We returned last Sunday from a two-week whistle-stop tour around southern England, starting in Dorset then making our way through Somerset, Gloucestershire, Bristol, Bath, London and ending on a high with a surprise party in Brighton.
We arrived back at the Barn almost a year to the day since we moved here, so it seems an appropriate moment to reflect on our first 12 months in France, what have learned and the things we miss.
On March 27 last year, a Sunday, we arrived late at night, frazzled and just about awake thanks to overdosing on Pro-Plus and home-made 85% chocolate fudge. Early on Monday morning an engineer arrived from France Telecom and explained through our sleep-deprived haze that there were no spare telephone lines in our hamlet, so we would have to wait three weeks for a telephone and internet connection. In fact we waited two months, which were the hardest so far and taught us early on to predict the unpredictable.
Since then we have had many peaks and troughs, one notable low point being when the huge barn door (15 feet of galvanised steel) fell on our car and smashed the rear windscreen – but luckily nothing else. The endless French bureaucracy has furnished us with numerous ‘déja vu’ moments. Every time we see the horizon coming into view, we find out that we have to go through a similar process yet again for another reason. So just when we could see the end to getting the car and the Land Rover registered, we were told that the trailer has to be registered – and insured – separately here in France. Which means more form-filling and paying through the nose to the manufacturers for the ‘certificat de confirmité’ required by the French authorities.
Of course everyone warned us about French bureaucracy before we came but you can never really be prepared for it. The French are resigned to it and accept that a certain proportion of one’s life will be spent dealing with paperwork.
Our friend Mana, who uses her brilliant skill at unpicking the bureaucratic labyrinth to the benefit of her English friends, told me about another friend of hers who had had enough of it all one drunken night and burned all his papers. It took him years to climb out of the hole he had dug in one moment of libertarian madness. So in one year we have just about learnt to live with French bureaucracy and to do as the French do: bend the rules a little bit.
High points have included getting our first job, an oak garage near Ribérac which we put up in November; having our planning permission dropped off by the Mayor on Boxing Day – and New Year’s Eve, where we danced the night away to lively folk music and made some lovely new friends. Last year felt like such an uphill struggle at times that one reliable consolation was the ‘potager’ (vegetable garden), which provided us with little successes in the form of tomatoes, ‘haricots verts’ (French beans) and courgettes.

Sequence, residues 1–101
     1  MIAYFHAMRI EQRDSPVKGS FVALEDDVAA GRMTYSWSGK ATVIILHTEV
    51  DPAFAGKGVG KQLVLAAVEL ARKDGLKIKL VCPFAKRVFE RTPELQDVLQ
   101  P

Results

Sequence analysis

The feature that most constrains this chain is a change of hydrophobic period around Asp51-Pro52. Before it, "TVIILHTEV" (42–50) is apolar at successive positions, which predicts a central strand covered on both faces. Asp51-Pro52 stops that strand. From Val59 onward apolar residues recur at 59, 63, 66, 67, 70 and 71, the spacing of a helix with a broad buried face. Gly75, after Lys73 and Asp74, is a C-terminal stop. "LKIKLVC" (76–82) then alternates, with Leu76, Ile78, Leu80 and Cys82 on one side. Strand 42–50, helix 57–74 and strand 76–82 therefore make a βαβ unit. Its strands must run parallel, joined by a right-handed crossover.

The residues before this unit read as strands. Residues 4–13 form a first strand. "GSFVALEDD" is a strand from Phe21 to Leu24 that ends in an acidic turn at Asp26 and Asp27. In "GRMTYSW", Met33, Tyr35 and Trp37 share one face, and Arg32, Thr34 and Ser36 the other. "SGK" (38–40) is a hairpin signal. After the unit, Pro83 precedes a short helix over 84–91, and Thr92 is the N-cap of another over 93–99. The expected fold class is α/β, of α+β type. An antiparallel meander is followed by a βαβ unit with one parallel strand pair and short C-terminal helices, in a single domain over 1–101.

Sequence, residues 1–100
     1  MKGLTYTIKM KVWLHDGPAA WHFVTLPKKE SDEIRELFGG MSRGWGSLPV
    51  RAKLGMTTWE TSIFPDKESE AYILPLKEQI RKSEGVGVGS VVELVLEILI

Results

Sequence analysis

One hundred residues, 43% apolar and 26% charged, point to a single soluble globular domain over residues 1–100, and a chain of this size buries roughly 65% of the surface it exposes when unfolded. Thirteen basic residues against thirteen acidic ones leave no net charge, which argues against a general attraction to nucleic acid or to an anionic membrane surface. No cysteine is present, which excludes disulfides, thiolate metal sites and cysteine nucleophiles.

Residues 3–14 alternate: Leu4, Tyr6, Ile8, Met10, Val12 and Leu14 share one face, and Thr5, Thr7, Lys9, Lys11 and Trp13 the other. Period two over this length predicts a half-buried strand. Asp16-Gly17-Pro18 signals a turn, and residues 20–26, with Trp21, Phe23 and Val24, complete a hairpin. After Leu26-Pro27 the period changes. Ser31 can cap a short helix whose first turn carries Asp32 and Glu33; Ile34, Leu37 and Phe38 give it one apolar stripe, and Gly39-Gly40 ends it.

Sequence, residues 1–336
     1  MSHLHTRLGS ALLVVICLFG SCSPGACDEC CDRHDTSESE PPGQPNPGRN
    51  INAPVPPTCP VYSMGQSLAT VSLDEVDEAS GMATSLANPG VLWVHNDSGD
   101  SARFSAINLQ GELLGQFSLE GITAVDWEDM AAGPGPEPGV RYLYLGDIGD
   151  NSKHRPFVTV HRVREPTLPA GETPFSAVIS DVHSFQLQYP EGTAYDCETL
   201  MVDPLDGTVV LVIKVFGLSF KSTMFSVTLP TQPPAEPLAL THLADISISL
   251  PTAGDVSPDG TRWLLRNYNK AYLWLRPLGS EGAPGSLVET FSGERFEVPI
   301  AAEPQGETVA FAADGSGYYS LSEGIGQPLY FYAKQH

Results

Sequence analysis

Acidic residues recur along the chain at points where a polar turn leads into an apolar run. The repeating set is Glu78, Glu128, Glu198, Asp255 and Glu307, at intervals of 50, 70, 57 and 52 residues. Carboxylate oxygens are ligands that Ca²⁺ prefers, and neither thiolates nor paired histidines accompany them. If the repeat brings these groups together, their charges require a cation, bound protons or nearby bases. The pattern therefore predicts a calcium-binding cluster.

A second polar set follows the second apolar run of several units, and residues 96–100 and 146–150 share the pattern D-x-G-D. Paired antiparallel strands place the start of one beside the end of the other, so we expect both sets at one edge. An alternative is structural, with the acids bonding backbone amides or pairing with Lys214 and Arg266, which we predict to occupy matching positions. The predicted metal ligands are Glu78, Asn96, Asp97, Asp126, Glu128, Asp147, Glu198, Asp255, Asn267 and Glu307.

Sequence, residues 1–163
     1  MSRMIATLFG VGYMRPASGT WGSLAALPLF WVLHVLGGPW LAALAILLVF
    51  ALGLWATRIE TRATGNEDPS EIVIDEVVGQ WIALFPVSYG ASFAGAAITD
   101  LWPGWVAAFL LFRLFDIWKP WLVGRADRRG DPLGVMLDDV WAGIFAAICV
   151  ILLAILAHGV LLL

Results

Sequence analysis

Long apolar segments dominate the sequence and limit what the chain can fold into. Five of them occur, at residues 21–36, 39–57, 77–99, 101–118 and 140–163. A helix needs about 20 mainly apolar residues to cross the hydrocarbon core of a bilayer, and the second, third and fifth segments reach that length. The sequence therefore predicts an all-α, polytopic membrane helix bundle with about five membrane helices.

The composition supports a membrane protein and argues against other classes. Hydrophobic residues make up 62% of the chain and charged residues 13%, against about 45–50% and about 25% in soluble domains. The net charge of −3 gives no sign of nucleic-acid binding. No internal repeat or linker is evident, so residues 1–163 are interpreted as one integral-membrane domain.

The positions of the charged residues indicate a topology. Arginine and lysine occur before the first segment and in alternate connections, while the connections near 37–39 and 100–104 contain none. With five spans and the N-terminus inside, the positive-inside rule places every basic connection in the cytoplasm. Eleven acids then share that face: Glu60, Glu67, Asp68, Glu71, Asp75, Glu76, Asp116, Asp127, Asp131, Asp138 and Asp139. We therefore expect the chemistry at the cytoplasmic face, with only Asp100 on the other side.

I spent most of our two weeks in England telling anyone who would listen that we have really started to settle in here, that the timber framing business is getting off to a good start and that we are finally making progress on the Barn conversion project.
Yet when we got back last week, it struck me that we still have a long way to go. Seeing our old friends back in England highlighted the fact that even the good friends we have made here hardly know us. With friendship there is nothing to do but wait for it to grow and keep feeding and tending it, like the seeds in our previously uncultivated garden.
The thing I miss most from England is that sense of having common ground with other people and understanding the cultural and political references that pepper casual conversation. I am still reading Private Eye – a subscription which a friend gave as a great birthday present last year – and Charlie Hebdo, France’s equivalent, is still full of cultural references that elude me.
You might remember Charlie Hebdo as the satirical magazine whose offices were firebombed last year after a spoof edition ‘edited’ by the Prophet Muhammad. The tragic events in Toulouse have brought the French Muslim experience into sharp relief again. So many live in impoverished ‘banlieues’ (suburbs), cut off from mainstream life and are ripe for ‘radicalisation’.
It was strange hearing about this while we were away. I was preoccupied by what was happening in our adopted home but also felt ‘chez moi’ walking in the rolling hills around Stroud, drinking a good organic beer or having lunch at Canteen on Stokes Croft. Yet on our return last week Mana congratulated us on our efforts to ‘integrate’ and said that very few English folk are like us, which made us feel good – and like we might just feel at home five years from now.